Economists such as DIW head Marcel Fratzscher are vocal critics of inequality in Germany, the EU nation that is currently most successful politically and economically.
Greece's once record jobless rate of 27 percent may have dropped seven points since the start of the financial crisis, but nearly six in 10 people are stuck in a market dominated by part-time, on-and-off jobs.
France cannot enact pro-European reforms without Germany's involvement, the French president said after meeting with the German chancellor. Macron urged Germany's SPD to move forward with another Merkel-led coalition.
The number of jobless Germans rose slightly in December compared with the previous month. But on an annual basis there have never been more people employed in Europe's biggest economy in the past 27 years.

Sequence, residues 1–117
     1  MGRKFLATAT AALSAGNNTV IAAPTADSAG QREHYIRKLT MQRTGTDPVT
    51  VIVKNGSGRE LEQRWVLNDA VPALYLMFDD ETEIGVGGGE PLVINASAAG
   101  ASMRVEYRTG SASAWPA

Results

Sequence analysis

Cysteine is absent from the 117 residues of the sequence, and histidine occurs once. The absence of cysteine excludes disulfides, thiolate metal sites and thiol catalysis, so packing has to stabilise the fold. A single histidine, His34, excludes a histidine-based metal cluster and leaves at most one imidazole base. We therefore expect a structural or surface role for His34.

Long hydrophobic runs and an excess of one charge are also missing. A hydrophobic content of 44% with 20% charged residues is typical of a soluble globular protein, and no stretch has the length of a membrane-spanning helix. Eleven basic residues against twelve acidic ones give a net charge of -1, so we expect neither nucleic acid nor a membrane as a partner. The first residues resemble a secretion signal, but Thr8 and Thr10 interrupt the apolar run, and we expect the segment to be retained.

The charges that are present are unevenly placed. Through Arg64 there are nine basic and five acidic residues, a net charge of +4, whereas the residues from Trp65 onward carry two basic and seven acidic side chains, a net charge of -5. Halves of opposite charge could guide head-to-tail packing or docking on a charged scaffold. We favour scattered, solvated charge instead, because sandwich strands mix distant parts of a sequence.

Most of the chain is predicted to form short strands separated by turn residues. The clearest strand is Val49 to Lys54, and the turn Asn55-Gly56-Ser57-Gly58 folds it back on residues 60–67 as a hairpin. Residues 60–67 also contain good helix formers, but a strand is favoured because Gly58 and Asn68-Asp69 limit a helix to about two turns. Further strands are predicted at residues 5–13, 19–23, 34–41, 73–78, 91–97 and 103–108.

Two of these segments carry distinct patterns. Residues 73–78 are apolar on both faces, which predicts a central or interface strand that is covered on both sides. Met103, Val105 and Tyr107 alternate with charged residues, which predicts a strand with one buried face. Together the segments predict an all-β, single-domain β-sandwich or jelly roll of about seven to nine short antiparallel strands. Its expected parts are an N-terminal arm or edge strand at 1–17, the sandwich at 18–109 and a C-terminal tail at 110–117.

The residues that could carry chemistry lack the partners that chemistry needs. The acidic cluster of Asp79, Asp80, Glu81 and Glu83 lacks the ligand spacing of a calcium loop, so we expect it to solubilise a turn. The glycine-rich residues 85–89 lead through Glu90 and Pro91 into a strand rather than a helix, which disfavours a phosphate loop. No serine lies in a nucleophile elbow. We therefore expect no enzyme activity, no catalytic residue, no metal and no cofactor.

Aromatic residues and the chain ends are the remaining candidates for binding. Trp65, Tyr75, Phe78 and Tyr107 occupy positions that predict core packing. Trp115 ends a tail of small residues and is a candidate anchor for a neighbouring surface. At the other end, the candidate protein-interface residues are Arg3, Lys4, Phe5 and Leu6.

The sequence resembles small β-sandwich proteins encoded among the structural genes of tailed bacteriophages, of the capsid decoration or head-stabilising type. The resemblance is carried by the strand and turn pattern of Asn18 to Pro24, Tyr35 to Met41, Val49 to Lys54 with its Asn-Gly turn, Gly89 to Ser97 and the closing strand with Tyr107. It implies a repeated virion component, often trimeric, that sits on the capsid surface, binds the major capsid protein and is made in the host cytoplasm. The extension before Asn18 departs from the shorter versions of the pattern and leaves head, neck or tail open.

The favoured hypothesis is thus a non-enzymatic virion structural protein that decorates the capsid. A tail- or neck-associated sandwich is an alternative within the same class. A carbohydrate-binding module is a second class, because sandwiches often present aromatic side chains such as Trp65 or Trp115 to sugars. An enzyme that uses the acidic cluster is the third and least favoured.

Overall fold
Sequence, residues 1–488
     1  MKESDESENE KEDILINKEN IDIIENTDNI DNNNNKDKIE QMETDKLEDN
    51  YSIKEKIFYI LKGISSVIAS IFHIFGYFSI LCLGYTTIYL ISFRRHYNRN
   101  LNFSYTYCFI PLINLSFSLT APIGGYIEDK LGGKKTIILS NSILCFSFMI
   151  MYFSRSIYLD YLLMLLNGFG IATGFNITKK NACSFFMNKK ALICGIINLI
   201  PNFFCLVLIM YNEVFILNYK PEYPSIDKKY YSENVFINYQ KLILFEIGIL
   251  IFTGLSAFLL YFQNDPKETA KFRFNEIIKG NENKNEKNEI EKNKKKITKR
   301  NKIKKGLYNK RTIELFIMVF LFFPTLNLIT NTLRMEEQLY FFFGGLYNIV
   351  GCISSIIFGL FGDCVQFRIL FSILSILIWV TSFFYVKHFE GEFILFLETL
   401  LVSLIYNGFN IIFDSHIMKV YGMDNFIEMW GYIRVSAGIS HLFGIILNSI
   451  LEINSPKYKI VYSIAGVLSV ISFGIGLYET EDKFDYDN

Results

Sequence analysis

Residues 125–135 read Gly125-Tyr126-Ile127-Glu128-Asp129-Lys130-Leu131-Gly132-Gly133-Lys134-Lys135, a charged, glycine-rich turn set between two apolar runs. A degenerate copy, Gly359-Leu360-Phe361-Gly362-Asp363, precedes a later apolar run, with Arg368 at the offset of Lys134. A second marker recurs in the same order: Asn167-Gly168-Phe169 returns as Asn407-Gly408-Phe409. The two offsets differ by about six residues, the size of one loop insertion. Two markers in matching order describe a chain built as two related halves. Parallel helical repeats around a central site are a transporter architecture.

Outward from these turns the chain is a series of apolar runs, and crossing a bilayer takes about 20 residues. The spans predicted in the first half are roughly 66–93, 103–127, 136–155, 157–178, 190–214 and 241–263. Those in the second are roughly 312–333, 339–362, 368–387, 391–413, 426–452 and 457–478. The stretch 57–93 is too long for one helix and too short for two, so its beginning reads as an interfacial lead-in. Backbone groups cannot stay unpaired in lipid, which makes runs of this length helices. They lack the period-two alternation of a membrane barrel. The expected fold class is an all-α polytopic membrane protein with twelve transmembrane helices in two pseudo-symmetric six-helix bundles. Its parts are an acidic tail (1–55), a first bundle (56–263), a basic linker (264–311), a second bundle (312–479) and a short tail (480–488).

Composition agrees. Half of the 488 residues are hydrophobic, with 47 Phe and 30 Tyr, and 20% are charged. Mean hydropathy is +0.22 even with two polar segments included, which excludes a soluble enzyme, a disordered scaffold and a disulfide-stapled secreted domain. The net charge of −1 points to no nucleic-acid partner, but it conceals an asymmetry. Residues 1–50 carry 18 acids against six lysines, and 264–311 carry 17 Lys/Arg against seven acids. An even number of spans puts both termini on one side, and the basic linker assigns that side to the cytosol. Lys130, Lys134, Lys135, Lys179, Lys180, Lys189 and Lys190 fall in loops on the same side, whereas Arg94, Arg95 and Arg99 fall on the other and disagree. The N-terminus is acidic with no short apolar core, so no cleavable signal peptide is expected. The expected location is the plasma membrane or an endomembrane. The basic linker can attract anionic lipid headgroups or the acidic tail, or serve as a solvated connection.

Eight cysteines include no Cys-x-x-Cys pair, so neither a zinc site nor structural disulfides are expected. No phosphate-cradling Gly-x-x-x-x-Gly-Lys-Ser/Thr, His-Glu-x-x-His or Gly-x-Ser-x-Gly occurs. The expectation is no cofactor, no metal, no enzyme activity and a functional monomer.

Germany's official statistics show unemployment at its lowest level since 1992. But the numbers are misleading, according to labor economist Heinz-Josef Bontrup. Real unemployment is much higher. Here's how it works.
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